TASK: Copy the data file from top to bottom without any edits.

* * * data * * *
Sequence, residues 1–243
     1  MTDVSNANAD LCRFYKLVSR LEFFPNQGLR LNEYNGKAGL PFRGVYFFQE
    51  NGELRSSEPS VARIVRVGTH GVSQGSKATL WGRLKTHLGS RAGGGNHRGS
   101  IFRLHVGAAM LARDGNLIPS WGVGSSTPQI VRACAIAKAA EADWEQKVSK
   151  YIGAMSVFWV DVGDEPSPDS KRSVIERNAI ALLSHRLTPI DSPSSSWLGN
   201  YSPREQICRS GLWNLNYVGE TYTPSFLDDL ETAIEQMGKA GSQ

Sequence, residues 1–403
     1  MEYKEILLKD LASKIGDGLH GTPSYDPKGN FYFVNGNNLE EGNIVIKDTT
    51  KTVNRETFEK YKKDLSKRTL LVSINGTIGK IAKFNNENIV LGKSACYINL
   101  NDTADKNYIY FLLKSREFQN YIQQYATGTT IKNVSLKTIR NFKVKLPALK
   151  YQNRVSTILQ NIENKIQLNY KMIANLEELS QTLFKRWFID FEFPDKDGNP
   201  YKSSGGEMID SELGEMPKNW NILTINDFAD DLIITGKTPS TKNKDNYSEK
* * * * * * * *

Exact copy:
Sequence, residues 1–243
     1  MTDVSNANAD LCRFYKLVSR LEFFPNQGLR LNEYNGKAGL PFRGVYFFQE
    51  NGELRSSEPS VARIVRVGTH GVSQGSKATL WGRLKTHLGS RAGGGNHRGS
   101  IFRLHVGAAM LARDGNLIPS WGVGSSTPQI VRACAIAKAA EADWEQKVSK
   151  YIGAMSVFWV DVGDEPSPDS KRSVIERNAI ALLSHRLTPI DSPSSSWLGN
   201  YSPREQICRS GLWNLNYVGE TYTPSFLDDL ETAIEQMGKA GSQ

Sequence, residues 1–403
     1  MEYKEILLKD LASKIGDGLH GTPSYDPKGN FYFVNGNNLE EGNIVIKDTT
    51  KTVNRETFEK YKKDLSKRTL LVSINGTIGK IAKFNNENIV LGKSACYINL
   101  NDTADKNYIY FLLKSREFQN YIQQYATGTT IKNVSLKTIR NFKVKLPALK
   151  YQNRVSTILQ NIENKIQLNY KMIANLEELS QTLFKRWFID FEFPDKDGNP
   201  YKSSGGEMID SELGEMPKNW NILTINDFAD DLIITGKTPS TKNKDNYSEK